A while ago one could read in the article published in Daily Medicine that physical activity as a form of medicine requires ability and knowledge. Therese Fostervold Mathisen, a postdoc at Norway’s sportd college and a leader in the Norwegian association for health, and a training therapist, hopes that doctors and other health personnel will get aquatinted with the unique knowledge that professionals within sports medicine obtain, and realize the opportunity that that this concept has to transform doctors offices. She states that every year, “various universities in Norway graduate 210 bachelor students with the special ability and competence to use physical activity in the prevention of both physical and mental disorders. Fostervold Mathisen says that there is a great deal of frustration from these educated professionals because there are far from enough advertised positions.” Worst of all she adamantly believes that there is not enough recognition or demand for graduates with these perspectives and abilities in the field.
Nils Kähler is medically responsible.
The wellness centers around the country were initially intended to function as an easily attainable service for the local population. However, in many communities there is no service that exists, with the existing resources being severely under prioritized. It is easily understandable that Forstervold Mathisen calls for greater acceptance and usage of using training as medicine. Especially with professional support. In Sandefjord there is such a clinic up and running, and there is routinely those who are both surprised and satisfied with their personal progress. Medically responsible for the clinic, Nils Kähler, is positively surprised with all the progress made by the majority of members, no matter the original diagnosis.
Those who work at the clinic, with daily instructor Kine Gulliksen in the forefront, strive to always make members feel both welcomed and well taken care of. For many, it is a bonus to be around people and experience the training clinic as a safe meeting place where people can exchange pasts with like-minded individuals and staff. Members here also have different starting points, but everyone needs to start somewhere. Interestingly the rate of progress is usually fastest with those who come in with less ability.
Daily Instructor Kine Gulliksen is the one who most often has the daily contact with the majority of members. “Here, the goal is for everyone to be taken care of and seen, no matter if it is they who have the responsibility to train. It is important to meet all the members where they are because everyone has different perspectives and have different challenges to overcome. We have a mix of everything here. Either way, it is important to get to know the members in order for both to know what buttons to press so progress can ensue. Our results so far show good progress,” Kine Gulliksen says. She has a vast background in sports medicine.
Kine Gulliksen, Clinical Manager
She also emphasizes the need for close follow ups and the physical access to doctors, therapists and other professionals as crucial cogs in the machine that allows our clinic in Sandefjord to thrive. She is convinced that generally, medical professionals do not talk enough about training as a form of medicine with their patients. “There are always some examples, but not all doctors have the needed background to understand this topic and concept. Inactivity is not exactly promoting a healthy lifestyle, and we are able to see what this lifestyle leads to. The availability of competent doctors with a knowledgeable background of the topic is unique. It is important not to forget the nice facilities that we have at Helseparken,” Kine Gulliksen explains. She is one of many resource knowledgeable people at the EviBase clinic.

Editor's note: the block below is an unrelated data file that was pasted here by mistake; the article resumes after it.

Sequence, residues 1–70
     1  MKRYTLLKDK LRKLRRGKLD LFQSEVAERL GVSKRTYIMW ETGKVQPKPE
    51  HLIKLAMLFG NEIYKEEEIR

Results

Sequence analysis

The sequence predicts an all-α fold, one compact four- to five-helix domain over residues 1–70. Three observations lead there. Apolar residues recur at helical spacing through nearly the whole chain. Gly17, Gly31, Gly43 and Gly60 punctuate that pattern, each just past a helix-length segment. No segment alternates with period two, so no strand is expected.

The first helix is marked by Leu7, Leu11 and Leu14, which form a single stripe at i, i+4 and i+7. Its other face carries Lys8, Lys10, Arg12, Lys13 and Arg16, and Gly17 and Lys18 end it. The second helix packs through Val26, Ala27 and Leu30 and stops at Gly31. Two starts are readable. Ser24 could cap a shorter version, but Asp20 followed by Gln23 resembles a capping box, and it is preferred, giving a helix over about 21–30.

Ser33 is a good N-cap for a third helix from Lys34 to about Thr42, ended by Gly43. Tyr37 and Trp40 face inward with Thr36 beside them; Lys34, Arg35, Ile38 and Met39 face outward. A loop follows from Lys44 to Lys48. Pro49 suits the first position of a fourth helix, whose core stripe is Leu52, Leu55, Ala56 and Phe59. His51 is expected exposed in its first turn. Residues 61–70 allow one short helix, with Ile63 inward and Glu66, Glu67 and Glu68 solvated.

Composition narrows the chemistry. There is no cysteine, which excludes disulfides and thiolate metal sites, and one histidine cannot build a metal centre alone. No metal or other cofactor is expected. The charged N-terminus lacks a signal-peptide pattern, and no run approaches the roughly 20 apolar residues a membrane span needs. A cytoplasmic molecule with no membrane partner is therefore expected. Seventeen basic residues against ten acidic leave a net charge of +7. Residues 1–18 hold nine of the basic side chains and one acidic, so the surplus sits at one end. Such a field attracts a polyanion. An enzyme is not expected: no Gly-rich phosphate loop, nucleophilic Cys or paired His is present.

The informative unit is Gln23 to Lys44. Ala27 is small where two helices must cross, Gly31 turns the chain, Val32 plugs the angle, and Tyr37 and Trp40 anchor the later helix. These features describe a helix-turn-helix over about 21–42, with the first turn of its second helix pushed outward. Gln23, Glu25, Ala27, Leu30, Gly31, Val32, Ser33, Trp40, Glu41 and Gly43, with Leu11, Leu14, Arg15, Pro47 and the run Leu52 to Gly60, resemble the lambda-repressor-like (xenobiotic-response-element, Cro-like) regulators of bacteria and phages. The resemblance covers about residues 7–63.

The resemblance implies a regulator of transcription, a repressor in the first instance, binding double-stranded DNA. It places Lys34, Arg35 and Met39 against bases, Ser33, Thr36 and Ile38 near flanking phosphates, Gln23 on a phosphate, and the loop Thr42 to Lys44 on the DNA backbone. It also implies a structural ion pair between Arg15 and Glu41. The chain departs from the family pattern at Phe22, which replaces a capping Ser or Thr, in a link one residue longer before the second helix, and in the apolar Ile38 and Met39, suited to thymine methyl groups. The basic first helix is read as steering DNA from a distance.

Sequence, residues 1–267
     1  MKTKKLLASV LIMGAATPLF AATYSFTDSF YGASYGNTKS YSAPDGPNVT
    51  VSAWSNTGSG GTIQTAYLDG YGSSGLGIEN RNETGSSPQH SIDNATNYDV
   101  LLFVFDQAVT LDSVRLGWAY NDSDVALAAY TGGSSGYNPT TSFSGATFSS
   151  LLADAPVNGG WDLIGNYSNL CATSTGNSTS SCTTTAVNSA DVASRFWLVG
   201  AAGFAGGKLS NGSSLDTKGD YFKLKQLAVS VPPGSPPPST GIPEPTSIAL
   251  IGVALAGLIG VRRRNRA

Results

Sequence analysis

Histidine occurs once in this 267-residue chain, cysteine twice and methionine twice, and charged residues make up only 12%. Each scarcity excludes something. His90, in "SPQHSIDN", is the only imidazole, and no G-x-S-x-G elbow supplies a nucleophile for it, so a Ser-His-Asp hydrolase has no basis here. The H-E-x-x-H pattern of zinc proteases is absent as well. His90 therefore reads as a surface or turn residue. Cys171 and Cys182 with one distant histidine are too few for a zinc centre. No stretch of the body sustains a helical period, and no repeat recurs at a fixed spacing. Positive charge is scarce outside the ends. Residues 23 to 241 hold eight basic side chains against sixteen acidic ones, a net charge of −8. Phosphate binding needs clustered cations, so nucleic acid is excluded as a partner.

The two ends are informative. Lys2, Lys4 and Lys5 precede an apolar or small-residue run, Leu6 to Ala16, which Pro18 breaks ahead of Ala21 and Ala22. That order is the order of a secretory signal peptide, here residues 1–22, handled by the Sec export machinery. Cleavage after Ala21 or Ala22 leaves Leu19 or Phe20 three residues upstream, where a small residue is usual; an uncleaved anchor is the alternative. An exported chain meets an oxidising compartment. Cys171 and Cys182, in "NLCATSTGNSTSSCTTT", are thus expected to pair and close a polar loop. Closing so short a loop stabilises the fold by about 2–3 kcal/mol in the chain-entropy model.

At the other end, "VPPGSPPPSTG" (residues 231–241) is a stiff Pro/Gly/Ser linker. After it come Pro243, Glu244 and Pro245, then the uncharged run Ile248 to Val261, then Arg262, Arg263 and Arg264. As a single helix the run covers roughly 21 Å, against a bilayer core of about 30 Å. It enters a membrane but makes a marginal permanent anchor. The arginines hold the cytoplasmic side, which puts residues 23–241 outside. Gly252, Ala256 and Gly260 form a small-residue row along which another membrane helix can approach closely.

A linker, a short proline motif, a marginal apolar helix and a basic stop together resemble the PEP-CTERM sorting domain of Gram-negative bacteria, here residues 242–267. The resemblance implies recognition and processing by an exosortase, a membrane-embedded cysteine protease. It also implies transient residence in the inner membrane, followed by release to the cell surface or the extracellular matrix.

Incorporating researching in a clinical process
The EviBase clinic incorporates research in a clinical process, alongside having routine follow ups over a long period of time. The research-based training is prepared in collaboration with your general practitioner. Moreover, the goal is to reduce medicine intake while using training as a substitute. Here we are talking about the prevention and the treatment of diseases without any negative side effects. The training activities are qualified via research from NTNU (Trondheim). “We will strive to do the utmost to provide specific training to all members and patients through our access to the very best research regarding this topic. This process is to function as both treatment and prevention,” Nils Kähler says.
However, it is important for members not to be intimidated by the research-based training program created by NTNU. Every training regimen will be different to most adequately fit the needs of an individual’s fitness and health status. We are building one step in front of the other. “We have ambitions to make EviBase clinic a place that feels safe and supportive for everyone. A place to meet where we can get a coffee and plan out our next training session. We provide information so that even beginners can follow their progress closely,” Nils Kähler says. He also has a sport medicine background and broad experience of the topic and concept. He is a vital piece that helps the clinic run smoothly.
In conclusion it is clear that we all have friends and loved ones that would benefit from a membership such as the one here at the EviBase clinic in Sandefjord. Our results are sensationally good, specifically in terms of maximum oxygen intake, weight loss, waist size, biological age, and an increased quality of life. Patient progress and development is often underestimated as an addictive substance, however, can absolutely be recommended before other treatments,” Nils Kähler ends with. He is more than happy to welcome people for a visit and have a chat up at Helseparken.